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tlege
Level 1

What if No box 14 on medical leave tax form?

14a has wages 14b he’s total benefits paid but no
14 description box
1 Best answer

Accepted Solutions
RBBrittain
Level 8

What if No box 14 on medical leave tax form?

Can you explain which form you're talking about? Your description doesn't seem to fit a W-2, whose Box 14 is simply called "Other" (no a or b) and is often a catch-all for unusual figures that may OR may not be relevant to your tax return -- health insurance premiums, railroad retirement tax amounts, pre-tax contributions to state & local pension plans, employee contributions to state & local unemployment or disability programs, etc.

 

If it's from a W-2, it sounds more like Boxes 12a, b, c, d which if completed consist of BOTH one or more letters (meanings are listed in the W-2 employee instructions) AND a number described by those letters. The most common Box 12 letters are D (401(k) contributions) and DD (non-taxable value of employer health insurance), but there are many others such as J (non-taxable sick pay) which sounds closest to the situation you describe. (A few W-2s have ONLY a dollar amount after letter J in Box 12, with NO other dollar amounts anywhere on the W-2; generally those should NOT be entered in TurboTax or you won't be allowed to e-file.)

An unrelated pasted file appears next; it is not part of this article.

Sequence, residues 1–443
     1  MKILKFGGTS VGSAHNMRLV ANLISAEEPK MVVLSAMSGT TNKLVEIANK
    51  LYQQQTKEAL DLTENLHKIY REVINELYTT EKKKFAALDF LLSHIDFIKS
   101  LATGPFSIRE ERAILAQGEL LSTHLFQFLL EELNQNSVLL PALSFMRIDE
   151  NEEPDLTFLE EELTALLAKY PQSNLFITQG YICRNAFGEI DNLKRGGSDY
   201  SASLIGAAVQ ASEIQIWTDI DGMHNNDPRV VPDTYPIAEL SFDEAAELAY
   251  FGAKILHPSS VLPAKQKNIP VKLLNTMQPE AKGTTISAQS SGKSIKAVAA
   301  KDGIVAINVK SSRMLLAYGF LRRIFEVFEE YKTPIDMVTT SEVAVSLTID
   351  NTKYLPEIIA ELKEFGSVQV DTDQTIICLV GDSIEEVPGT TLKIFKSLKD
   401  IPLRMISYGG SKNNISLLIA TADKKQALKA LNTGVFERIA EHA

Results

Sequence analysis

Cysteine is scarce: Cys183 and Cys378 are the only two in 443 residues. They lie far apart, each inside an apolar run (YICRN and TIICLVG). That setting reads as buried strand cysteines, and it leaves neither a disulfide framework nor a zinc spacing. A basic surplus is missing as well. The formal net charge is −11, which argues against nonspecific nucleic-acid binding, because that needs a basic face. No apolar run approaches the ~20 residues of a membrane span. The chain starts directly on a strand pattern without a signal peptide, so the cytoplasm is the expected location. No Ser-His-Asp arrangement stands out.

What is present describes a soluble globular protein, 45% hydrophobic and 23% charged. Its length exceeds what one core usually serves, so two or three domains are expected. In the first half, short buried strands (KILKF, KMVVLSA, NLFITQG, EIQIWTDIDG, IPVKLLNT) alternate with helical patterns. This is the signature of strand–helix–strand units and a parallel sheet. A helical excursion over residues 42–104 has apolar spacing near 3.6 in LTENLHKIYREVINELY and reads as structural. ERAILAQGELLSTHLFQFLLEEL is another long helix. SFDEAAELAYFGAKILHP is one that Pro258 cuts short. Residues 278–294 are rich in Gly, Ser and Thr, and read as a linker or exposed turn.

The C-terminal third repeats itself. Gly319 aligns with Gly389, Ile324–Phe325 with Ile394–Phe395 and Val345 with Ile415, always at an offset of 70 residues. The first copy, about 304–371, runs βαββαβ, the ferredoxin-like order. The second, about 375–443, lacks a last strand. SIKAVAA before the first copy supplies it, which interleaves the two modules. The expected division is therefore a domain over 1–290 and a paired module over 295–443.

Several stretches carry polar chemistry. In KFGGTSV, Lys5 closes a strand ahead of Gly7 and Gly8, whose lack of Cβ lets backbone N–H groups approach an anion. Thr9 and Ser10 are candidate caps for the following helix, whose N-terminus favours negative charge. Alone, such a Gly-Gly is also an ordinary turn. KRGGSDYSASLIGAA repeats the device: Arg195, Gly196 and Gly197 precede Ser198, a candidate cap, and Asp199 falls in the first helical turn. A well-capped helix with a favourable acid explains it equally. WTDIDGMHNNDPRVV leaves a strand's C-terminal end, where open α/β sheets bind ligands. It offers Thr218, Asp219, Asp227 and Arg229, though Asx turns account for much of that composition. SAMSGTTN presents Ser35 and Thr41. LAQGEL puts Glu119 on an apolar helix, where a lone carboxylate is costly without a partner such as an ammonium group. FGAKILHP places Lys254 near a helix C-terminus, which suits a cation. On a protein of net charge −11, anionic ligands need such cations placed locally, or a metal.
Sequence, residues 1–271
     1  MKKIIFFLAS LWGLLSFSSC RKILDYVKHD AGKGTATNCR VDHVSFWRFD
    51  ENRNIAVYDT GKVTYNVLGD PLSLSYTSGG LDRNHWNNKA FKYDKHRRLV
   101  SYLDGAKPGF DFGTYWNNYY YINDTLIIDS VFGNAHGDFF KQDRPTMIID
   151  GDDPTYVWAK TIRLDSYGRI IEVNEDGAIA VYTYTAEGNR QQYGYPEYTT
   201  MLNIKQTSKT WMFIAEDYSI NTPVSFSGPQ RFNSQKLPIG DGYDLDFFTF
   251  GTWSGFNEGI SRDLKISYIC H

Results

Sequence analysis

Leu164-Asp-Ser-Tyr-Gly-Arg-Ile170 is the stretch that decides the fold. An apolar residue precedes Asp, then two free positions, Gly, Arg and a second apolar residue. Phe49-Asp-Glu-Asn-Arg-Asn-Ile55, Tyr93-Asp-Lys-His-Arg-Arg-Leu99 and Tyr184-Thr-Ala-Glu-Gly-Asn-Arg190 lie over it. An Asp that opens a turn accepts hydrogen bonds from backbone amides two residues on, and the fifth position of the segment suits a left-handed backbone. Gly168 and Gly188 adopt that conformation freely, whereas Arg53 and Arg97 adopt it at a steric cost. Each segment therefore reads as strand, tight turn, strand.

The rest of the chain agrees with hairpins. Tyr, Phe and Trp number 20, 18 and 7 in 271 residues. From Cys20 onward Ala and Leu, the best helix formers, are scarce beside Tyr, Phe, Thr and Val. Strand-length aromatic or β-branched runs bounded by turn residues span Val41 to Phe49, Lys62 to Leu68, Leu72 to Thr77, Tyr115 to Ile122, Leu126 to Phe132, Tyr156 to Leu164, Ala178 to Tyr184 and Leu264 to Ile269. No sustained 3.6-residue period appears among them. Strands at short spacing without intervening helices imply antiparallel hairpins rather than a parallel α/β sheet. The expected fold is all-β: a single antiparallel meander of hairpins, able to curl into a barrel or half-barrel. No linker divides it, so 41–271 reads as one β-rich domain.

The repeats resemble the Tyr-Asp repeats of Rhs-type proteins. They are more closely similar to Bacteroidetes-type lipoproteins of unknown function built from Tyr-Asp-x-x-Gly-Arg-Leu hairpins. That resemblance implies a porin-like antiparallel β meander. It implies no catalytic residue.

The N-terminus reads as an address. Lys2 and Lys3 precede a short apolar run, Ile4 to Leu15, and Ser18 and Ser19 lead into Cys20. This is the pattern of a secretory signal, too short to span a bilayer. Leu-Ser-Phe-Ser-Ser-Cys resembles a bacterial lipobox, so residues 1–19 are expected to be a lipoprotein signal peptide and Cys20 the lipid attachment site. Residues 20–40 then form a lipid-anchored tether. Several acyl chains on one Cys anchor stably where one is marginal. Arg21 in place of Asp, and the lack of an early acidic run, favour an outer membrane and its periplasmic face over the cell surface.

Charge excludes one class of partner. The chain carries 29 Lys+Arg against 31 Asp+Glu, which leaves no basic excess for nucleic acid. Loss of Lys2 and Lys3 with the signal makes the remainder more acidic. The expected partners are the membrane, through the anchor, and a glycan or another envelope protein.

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6 Replies
RBBrittain
Level 8

What if No box 14 on medical leave tax form?

Can you explain which form you're talking about? Your description doesn't seem to fit a W-2, whose Box 14 is simply called "Other" (no a or b) and is often a catch-all for unusual figures that may OR may not be relevant to your tax return -- health insurance premiums, railroad retirement tax amounts, pre-tax contributions to state & local pension plans, employee contributions to state & local unemployment or disability programs, etc.